The Janome free motion quilting foot

I bought the new free motion quilting foot for my Janome 6600 sewing machine while I was making this quilt. What prompted me to buy this new foot was some bobbin tension problems I was having with my machine.

I was using one of my favorite bobbin threads, Superior Bottom Line, and I think it was too thin for my bobbin’s tension. On my Bernina and Pfaff machines I have a second bobbin case adjusted for using thinner weight thread. But with the Janome’s drop in bobbin I did not know how to adjust it. I read through the instruction book twice and found no instructions for tightening it. My dear friend and free motion quilting goddess, Frieda Anderson, has since told me how to adjust it. (There is a tiny screw on the outside of the black bobbin case, I suppose if I pulled the bobbin case out I would have seen that. Never having owned a machine with a drop in bobbin before, I didn’t realize the case came out.)

To try and solve my thread problem I called Superior threads and ordered King Tut Cotton. This was an overall improvement anyways because the heavier weight thread really made the quilting line have more definition.

FMQ+foot The Janome free motion quilting footAbout this same time I came across Gloria Hanson’s blog post about Janome’s new free-motion quilting foot, Desperate, I thought I would try it out. Janomes FMQ foot is a two part purchase; the foot and another bobbin case with a tiny blue dot on it (to differentiate it from the regular bobbin case with a tiny red dot). Together it runs about $50.

I tried out the new foot with the king Tut cotton and a top stitching needle and had my thread break about every 3 inches. Very frustrating! So I did another Google search and found that there is a Janome 6500 Yahoo group, I figured surely someone there would have an answer. I did a post search and found a couple people recommended a 90/14 quilting needle with this foot. I could not believe that changing my needle from a top stitch to a 90/14 could possibly solve the problem, but I was willing to try anything.

I put a 90/14 in and stepped on the gas, lo and behold, it worked! What a dream. This FMQ foot is wonderful, even though it has a tiny closed loop it is not too hard to see when quilting. The best part about this foot is that it does NOT bounce up and down when stitching. So quilting feels very fluid and smooth, no grabby feeling on the fabric.

I think the real negative, is that you have to unscrew the throat plate to change the bobbin case every time you switch between free motion and other kinds of stitching. It is about three steps more than I want to do when working. I probably won’t switch it all out when doing small stuff where I go back and forth with different stitches a lot, but for free motion quilting a large quilt, it’s the best.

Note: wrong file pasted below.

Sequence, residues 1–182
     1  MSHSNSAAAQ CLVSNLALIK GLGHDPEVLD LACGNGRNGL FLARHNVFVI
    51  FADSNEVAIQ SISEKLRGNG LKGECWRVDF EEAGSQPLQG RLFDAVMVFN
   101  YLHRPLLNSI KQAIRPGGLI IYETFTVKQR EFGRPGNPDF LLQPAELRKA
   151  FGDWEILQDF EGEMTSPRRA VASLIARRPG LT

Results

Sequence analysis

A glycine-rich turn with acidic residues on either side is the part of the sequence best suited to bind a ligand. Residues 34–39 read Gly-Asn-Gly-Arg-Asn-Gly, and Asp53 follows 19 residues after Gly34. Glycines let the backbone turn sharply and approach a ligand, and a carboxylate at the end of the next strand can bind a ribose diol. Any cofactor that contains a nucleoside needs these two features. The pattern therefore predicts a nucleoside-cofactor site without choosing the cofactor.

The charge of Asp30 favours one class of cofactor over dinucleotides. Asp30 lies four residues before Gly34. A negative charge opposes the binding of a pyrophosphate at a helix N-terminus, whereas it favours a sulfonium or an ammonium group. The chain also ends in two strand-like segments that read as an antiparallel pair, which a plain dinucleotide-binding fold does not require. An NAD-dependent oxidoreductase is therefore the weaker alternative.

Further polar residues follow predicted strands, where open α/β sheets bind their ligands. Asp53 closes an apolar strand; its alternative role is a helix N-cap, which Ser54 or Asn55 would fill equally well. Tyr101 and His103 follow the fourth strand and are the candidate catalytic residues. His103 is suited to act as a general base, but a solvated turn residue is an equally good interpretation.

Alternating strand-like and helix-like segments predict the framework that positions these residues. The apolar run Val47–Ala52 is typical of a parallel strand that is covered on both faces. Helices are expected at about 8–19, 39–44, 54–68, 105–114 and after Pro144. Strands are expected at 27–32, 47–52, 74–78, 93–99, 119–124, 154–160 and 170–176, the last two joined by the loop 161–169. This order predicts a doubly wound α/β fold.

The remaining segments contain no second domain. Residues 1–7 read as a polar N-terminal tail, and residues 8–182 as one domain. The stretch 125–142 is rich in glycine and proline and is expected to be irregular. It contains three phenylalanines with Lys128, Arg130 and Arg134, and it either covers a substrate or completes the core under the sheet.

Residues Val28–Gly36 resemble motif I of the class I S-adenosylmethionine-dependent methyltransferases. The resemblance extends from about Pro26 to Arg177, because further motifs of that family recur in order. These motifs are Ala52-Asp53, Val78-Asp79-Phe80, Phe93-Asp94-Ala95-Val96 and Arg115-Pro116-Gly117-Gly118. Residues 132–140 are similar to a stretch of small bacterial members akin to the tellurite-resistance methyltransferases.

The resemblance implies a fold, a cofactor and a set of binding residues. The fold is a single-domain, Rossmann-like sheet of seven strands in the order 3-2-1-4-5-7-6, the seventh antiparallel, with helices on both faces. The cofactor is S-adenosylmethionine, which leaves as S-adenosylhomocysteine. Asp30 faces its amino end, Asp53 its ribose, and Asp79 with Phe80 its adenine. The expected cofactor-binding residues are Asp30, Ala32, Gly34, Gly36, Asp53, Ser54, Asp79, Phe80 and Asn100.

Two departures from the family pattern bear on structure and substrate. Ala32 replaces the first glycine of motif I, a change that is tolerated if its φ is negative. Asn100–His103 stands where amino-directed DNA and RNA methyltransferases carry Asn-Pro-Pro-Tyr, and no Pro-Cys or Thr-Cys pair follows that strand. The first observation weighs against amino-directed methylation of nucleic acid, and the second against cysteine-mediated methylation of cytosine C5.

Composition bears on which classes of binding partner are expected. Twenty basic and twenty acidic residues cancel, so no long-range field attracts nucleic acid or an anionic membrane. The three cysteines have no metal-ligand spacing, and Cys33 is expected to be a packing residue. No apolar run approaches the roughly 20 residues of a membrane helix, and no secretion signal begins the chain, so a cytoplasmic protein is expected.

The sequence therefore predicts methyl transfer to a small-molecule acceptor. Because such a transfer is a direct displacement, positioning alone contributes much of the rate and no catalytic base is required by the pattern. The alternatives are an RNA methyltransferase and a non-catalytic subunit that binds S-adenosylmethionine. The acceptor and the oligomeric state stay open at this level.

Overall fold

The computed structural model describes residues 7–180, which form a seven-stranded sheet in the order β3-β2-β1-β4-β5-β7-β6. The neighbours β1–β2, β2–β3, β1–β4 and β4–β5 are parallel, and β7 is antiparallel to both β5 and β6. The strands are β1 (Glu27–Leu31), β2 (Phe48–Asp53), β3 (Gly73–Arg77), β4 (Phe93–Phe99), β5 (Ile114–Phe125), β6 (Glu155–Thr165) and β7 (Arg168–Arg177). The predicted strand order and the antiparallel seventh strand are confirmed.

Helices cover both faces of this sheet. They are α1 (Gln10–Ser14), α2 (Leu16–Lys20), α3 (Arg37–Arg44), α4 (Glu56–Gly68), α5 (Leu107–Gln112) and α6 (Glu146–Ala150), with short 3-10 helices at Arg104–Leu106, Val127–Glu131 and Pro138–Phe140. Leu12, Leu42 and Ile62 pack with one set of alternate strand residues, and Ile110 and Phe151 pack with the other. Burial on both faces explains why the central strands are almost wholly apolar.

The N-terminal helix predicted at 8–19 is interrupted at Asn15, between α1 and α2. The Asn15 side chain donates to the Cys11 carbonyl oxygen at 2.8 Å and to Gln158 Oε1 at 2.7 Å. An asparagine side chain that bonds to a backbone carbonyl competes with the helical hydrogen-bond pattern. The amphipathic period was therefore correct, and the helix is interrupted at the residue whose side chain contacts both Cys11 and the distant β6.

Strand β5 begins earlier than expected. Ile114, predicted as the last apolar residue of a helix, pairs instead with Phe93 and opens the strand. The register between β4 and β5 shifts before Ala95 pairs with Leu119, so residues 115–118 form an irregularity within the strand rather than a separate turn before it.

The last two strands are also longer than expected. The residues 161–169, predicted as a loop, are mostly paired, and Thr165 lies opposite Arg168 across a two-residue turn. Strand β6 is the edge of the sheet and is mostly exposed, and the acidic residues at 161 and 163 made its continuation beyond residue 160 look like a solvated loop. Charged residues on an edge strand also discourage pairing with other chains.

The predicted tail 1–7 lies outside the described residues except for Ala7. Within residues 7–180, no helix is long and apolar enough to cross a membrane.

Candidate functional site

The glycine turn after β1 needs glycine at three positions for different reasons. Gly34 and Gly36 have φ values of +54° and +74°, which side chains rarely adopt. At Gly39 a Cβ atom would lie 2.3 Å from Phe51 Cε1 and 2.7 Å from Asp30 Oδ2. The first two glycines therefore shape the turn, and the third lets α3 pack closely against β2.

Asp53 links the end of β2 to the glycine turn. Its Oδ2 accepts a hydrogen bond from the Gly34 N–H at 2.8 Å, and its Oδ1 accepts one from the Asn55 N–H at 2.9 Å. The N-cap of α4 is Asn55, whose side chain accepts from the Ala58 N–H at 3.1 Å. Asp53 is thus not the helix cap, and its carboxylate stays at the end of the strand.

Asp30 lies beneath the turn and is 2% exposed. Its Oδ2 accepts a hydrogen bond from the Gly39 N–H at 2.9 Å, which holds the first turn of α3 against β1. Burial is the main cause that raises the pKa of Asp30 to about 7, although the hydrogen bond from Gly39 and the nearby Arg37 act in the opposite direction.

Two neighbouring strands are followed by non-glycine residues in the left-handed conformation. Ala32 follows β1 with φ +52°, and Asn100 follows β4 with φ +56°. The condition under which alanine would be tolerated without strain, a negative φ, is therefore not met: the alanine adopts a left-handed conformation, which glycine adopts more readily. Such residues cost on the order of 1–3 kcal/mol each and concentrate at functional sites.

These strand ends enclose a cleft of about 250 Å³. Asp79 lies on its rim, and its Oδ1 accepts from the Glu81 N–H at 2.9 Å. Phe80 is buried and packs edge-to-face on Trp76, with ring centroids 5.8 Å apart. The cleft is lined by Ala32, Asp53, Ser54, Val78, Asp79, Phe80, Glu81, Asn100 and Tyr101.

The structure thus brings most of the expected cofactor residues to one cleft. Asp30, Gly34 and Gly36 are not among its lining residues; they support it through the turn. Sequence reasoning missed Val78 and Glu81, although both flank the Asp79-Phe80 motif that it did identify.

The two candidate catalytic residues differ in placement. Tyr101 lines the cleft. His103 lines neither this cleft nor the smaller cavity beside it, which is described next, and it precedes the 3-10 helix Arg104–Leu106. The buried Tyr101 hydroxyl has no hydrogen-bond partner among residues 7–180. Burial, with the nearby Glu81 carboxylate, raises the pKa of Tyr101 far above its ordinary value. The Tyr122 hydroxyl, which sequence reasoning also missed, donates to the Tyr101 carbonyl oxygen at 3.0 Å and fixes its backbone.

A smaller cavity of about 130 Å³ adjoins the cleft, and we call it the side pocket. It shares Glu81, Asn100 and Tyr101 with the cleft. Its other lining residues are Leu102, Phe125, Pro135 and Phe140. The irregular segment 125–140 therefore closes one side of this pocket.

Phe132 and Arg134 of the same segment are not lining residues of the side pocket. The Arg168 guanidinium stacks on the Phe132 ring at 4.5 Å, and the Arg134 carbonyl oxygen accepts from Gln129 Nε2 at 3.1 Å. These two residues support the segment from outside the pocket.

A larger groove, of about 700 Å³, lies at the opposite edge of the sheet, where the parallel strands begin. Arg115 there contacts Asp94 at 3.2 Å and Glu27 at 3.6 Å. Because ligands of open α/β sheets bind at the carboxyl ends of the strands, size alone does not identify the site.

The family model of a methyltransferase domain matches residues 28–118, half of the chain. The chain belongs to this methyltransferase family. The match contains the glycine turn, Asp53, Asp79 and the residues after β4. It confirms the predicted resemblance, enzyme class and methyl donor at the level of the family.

6 Responses to “The Janome free motion quilting foot”

  1. susan says:

    wonderous…the back of the quilt is amazing…

  2. Erilyn says:

    I agree how frustrating it is with threads and then mucking around with the bobbins. I have a Pfaff which sometimes gets tetchy with different threads – BUT, my old Husqvarna doesn’t really mind the different threads – top or bottom. Only thing is that I’ve been through 3 ‘darning’ feet in the last 2 years with free motion quilting. The foot has a metal spring, like the Pfaff plastic one, which tends to lose it’s springiness and break – OK I know that it’s old now but I still love the machine.

  3. I love my old pfaff too, I would hate to give it up. Now my daughter has taken over my old Bernina, it has always been fussy with threads. It seems like they all have their strengths and weaknesses.

  4. Judy….glad you found the yahoo group. Truth be told, I have both bobbin cases, and I never bother to switch! I did fine with the red-arrow one, then put in the blue-arrow and it has now taken up permanent residence. I just fiddle ith the needle-thread-tension and it works……

    As for removing the throat plate (yep, it’s a pain), it’s good to do so every so often. Using poly threads you’ll have noticed you get a TON less lint, but you still need to every so often (after a huge quilt…like one of YOUR huge quilts) or a number of smaller ones, remove the bobbin case and dust out the lint. Do NOT remove the little gray thing that *looks* like lint. This is the wick. Not brilliant planning to have it be gray. Anyway, a drop of sewing machine oil every few months is a good thing. You can also oil the wick *through* the bobbin case….

    HTH! And glad you found a solution that works for you…and yeah, the NON-hopping foot is a dream!

    Cheers, Sarah

  5. Domino Marie says:

    I’ve been looking for this foot for years. Where can I order it from? Nice blog – thanks for sharing. Cheers – Marie
    http://mdufourquilts.blogspot.com/

  6. Nina-Marie says:

    You know I’m surprised that you have to change out the bobbin case to FMQ with the 6600. I just spent about 25 hours FMQ on my latest project using the Horizon and it worked like a dream. I used Bottom line in the bobbin and all sorts of threads on top including a bit of King Tut. I just used the regular bobbin case at its regular tension. I’m glad the Horizon comes with the darning foot. I remember that the ease of it FMQing was a big draw for me. I haven’t tried the other two that it came with – ’cause I love the no bounce of this one. Thanks for sharing!

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